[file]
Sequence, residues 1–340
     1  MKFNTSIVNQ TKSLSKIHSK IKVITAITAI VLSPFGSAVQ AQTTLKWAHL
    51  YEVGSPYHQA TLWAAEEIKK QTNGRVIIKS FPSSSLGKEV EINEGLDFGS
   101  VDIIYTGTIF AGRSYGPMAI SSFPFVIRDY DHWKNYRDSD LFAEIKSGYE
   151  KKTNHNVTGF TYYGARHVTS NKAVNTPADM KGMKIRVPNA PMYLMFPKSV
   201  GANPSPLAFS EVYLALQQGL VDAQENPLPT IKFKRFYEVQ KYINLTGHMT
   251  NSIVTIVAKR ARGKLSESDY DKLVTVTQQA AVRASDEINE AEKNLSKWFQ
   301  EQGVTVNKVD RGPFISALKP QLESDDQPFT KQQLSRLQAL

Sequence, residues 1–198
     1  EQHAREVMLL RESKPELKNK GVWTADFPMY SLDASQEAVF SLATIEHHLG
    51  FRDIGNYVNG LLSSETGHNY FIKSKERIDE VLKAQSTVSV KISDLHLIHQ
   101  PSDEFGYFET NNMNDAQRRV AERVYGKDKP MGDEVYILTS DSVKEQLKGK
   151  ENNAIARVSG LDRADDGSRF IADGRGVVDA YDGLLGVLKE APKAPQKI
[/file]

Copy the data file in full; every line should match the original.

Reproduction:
Sequence, residues 1–340
     1  MKFNTSIVNQ TKSLSKIHSK IKVITAITAI VLSPFGSAVQ AQTTLKWAHL
    51  YEVGSPYHQA TLWAAEEIKK QTNGRVIIKS FPSSSLGKEV EINEGLDFGS
   101  VDIIYTGTIF AGRSYGPMAI SSFPFVIRDY DHWKNYRDSD LFAEIKSGYE
   151  KKTNHNVTGF TYYGARHVTS NKAVNTPADM KGMKIRVPNA PMYLMFPKSV
   201  GANPSPLAFS EVYLALQQGL VDAQENPLPT IKFKRFYEVQ KYINLTGHMT
   251  NSIVTIVAKR ARGKLSESDY DKLVTVTQQA AVRASDEINE AEKNLSKWFQ
   301  EQGVTVNKVD RGPFISALKP QLESDDQPFT KQQLSRLQAL

Sequence, residues 1–198
     1  EQHAREVMLL RESKPELKNK GVWTADFPMY SLDASQEAVF SLATIEHHLG
    51  FRDIGNYVNG LLSSETGHNY FIKSKERIDE VLKAQSTVSV KISDLHLIHQ
   101  PSDEFGYFET NNMNDAQRRV AERVYGKDKP MGDEVYILTS DSVKEQLKGK
   151  ENNAIARVSG LDRADDGSRF IADGRGVVDA YDGLLGVLKE APKAPQKI